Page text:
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Chapter 14 – Blood Transfusion

Imelda Bates,
Shirley Owusu-Ofori

Only 39% of the global blood supply is donated in the poorest countries where 82% of the world's population lives.[1]

Blood transfusion is a vital component of every country's health service (Table 14.1). It can be a life-saving intervention for severe, acute anaemia, but mistakes in the transfusion process can be life-threatening, either immediately or years later through transmission of infectious agents. It is imperative that clinicians have a good understanding of how blood is acquired and prepared for transfusion, and when it should be used, and that governments put in place quality assurance mechanisms to guarantee that blood for transfusion is safe.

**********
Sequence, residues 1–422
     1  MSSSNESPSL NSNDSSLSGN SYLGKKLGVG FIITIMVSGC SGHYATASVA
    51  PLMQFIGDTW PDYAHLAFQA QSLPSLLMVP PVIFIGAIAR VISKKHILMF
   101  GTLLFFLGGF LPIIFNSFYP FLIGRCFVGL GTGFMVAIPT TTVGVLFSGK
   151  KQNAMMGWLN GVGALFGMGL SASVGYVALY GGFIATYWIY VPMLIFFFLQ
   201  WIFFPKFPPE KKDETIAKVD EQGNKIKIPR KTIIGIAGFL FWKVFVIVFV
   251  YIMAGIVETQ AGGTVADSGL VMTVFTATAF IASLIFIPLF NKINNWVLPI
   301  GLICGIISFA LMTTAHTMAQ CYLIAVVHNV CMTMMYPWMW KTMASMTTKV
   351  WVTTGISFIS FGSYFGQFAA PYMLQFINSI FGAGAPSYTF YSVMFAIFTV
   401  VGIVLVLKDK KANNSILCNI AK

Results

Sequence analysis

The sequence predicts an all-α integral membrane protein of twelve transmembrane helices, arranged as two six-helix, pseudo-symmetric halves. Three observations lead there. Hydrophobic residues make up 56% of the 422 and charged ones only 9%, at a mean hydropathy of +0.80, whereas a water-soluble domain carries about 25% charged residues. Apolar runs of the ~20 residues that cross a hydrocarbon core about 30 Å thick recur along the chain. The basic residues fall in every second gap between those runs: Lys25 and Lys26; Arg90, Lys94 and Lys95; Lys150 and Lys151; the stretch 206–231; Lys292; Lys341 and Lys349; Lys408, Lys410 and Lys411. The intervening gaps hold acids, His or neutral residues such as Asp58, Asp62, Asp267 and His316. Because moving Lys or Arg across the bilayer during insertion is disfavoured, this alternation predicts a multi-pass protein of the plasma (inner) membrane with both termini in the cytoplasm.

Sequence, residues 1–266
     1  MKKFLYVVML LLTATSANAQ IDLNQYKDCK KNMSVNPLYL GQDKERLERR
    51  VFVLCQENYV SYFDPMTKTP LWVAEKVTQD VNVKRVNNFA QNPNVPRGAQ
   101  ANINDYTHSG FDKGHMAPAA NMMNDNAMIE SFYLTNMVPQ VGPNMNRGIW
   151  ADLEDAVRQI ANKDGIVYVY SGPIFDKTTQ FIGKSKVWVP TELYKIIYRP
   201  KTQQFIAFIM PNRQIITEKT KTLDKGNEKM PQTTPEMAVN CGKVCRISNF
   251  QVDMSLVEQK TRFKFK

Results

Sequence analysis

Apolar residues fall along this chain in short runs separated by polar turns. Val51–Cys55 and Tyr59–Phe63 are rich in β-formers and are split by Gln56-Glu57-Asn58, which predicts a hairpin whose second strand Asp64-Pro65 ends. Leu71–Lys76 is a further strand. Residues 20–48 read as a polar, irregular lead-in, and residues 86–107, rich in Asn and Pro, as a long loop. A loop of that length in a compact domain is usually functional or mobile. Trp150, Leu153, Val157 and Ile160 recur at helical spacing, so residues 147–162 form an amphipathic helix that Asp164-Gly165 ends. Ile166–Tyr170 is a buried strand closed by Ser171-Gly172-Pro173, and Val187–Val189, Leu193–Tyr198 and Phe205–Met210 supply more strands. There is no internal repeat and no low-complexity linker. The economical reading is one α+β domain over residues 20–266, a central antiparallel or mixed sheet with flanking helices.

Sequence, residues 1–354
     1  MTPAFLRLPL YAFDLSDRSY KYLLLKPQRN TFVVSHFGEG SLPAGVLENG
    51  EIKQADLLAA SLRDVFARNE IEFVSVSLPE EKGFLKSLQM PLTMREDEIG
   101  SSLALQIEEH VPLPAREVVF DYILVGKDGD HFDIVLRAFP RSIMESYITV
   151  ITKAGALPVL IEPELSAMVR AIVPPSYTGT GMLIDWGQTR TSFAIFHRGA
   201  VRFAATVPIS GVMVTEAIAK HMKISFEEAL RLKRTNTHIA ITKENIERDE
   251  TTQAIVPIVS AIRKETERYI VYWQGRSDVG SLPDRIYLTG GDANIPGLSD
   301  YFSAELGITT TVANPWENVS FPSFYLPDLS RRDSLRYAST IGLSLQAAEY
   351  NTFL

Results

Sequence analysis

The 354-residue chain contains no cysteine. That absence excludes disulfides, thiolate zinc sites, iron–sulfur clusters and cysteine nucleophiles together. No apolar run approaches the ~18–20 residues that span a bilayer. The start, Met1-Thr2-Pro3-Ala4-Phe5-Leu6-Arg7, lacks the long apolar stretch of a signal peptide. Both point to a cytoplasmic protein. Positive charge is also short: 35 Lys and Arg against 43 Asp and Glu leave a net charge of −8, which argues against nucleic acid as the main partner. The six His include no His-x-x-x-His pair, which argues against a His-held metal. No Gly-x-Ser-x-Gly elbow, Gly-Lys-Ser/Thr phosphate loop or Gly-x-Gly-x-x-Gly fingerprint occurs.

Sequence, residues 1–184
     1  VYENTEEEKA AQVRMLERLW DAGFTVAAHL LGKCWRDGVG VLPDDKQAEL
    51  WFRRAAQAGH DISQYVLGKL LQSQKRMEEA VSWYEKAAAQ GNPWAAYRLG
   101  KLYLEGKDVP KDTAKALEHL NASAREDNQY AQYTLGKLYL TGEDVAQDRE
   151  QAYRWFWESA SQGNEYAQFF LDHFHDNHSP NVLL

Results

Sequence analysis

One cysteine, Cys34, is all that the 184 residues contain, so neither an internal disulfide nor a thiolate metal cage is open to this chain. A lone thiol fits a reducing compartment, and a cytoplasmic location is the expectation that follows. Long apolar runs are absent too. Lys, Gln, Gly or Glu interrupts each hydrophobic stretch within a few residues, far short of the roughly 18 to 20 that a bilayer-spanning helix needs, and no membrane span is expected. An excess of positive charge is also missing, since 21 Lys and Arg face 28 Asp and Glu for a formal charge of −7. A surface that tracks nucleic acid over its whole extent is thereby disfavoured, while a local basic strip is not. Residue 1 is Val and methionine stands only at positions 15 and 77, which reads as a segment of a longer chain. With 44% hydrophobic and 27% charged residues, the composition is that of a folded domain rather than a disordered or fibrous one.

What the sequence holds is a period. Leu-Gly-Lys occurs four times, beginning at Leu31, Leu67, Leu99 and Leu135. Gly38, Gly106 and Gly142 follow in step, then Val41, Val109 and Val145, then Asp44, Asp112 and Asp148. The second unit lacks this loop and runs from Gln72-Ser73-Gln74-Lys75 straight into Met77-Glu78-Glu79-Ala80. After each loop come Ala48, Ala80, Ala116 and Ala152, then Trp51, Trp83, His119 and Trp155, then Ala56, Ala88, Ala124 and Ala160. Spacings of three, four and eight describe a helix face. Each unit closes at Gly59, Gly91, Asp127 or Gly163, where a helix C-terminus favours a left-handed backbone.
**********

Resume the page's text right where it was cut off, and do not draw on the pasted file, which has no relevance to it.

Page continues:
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Transfusion medicine is critical to the success of most clinical specialties and should be incorporated into all national health plans and budgets. Only 16% of member states meet all the World Health Organization's (WHO) recommendations …